By Fredrick P. Niemann, Esq. a NJ Elder Law Attorney
Legal Capacity is required for the legal execution of a will and/or a testamentary trust under New Jersey law.
a. What is legal capacity and what does it mean under New Jersey Law? Legal capacity (sometimes called Testamentary Capacity) requires:A person to be at least 18 years old, and
b. A person who is of sound mind and memory.
So what do these terms mean? An easy way to establish that a person is of “sound mind and memory,” is to demonstrate that the person who signed their Last Will or trust at the time of his or her signing:
i. Knows that he/she was/is making a will;
ii. He or she knows/knew who their beneficiary is/was;
iii. He or she comprehends(ed) the character and extent of his/her property; and,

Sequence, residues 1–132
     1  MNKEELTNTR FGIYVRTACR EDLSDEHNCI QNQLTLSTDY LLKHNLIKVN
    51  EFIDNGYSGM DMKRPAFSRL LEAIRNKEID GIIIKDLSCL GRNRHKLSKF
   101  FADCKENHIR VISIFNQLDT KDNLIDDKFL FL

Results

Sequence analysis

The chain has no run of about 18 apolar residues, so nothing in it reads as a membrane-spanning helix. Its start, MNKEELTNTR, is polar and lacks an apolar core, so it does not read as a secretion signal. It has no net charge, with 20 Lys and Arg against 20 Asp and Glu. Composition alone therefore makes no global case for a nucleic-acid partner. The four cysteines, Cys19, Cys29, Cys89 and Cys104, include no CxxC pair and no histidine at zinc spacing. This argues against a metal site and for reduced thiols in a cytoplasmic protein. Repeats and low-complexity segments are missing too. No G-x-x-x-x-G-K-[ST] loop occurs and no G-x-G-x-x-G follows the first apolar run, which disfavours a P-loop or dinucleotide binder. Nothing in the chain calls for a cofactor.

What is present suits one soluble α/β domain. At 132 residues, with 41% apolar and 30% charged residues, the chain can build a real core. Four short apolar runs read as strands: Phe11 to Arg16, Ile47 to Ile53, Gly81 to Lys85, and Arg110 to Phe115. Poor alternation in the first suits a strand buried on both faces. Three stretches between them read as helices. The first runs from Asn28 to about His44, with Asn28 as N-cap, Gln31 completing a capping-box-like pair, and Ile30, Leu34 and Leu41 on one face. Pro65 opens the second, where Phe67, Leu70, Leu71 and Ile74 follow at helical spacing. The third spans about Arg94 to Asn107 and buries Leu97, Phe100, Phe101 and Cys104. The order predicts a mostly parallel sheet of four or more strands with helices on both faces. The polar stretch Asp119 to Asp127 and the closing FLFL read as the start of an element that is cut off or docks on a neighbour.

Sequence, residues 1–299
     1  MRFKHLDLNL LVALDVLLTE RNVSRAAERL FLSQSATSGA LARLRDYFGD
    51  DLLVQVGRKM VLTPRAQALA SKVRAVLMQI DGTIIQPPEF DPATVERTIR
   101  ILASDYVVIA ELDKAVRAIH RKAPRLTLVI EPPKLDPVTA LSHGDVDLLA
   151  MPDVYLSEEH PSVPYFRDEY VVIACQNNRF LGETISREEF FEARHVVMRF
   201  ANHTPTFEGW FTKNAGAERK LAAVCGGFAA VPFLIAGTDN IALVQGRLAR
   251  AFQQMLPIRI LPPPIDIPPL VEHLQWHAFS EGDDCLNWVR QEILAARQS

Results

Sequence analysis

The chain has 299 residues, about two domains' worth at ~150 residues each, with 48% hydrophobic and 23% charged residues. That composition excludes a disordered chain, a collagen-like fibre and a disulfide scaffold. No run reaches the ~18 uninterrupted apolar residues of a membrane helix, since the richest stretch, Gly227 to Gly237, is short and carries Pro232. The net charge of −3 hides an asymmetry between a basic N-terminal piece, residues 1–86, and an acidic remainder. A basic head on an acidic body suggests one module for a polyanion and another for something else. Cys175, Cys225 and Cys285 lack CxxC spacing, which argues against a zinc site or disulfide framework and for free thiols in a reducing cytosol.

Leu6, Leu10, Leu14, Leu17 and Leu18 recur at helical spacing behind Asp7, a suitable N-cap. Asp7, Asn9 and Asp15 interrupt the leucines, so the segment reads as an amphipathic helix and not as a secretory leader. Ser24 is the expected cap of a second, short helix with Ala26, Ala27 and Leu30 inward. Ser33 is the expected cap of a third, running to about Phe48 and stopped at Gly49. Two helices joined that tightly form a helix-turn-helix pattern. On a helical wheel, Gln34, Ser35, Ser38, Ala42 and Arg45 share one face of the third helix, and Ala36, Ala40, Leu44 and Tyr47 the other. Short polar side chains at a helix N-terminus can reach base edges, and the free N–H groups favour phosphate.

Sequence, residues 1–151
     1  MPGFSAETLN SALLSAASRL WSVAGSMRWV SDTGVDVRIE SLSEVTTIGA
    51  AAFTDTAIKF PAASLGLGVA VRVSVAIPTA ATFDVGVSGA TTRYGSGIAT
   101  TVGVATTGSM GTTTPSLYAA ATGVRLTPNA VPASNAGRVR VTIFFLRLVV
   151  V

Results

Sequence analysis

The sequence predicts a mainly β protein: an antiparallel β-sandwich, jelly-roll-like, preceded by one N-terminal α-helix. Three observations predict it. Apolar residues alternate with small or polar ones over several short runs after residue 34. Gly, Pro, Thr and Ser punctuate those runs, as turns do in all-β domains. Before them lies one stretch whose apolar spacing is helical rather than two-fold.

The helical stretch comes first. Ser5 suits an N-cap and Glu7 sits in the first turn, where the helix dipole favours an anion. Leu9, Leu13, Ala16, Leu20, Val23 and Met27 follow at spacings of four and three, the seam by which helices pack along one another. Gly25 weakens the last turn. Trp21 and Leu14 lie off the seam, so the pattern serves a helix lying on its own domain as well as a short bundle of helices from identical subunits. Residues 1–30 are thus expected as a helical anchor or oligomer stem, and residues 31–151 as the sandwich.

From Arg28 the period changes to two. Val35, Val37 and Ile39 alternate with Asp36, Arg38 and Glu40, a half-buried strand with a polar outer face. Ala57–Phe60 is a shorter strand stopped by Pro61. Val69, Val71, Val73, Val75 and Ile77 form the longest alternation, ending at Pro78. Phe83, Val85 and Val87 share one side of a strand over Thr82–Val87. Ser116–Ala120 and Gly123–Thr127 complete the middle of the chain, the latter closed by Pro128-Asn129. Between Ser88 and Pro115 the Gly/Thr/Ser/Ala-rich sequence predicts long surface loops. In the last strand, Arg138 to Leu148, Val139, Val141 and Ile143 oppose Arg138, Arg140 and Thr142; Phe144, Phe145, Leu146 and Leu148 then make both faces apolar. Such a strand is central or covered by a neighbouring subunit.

iv. He or she understands/understood they are/were disposing of his/her property to others according to a plan formed in their mind(s).
The elements required for creating a legally enforceable trust are:
i. The ability to understand, in a reasonable manner, the nature and effect of the act in which he or she is engaged,
ii. That he or she has sufficient mental capacity to understand the trust that he or she executed,
iii. The ability to understand the terms of the trust; however, this does not require “that a person setting up a trust be able to explain every technical term in the instrument.”
Capacity is required for the execution of deeds, and powers of attorney in New Jersey. Contractual capacity differs from that of testamentary capacity. Recall that testamentary capacity only requires that at the time of signature the creator of the will had the ability to understand the consequences of his/her decision concerning the disposition of his/her property at death.
Contact me personally today to discuss your New Jersey elder law matter. I am easy to talk to, very approachable and can offer you practical, legal ways to handle your concerns. You can reach me toll free at (855) 376-5291 or e-mail me at firstname.lastname@example.org.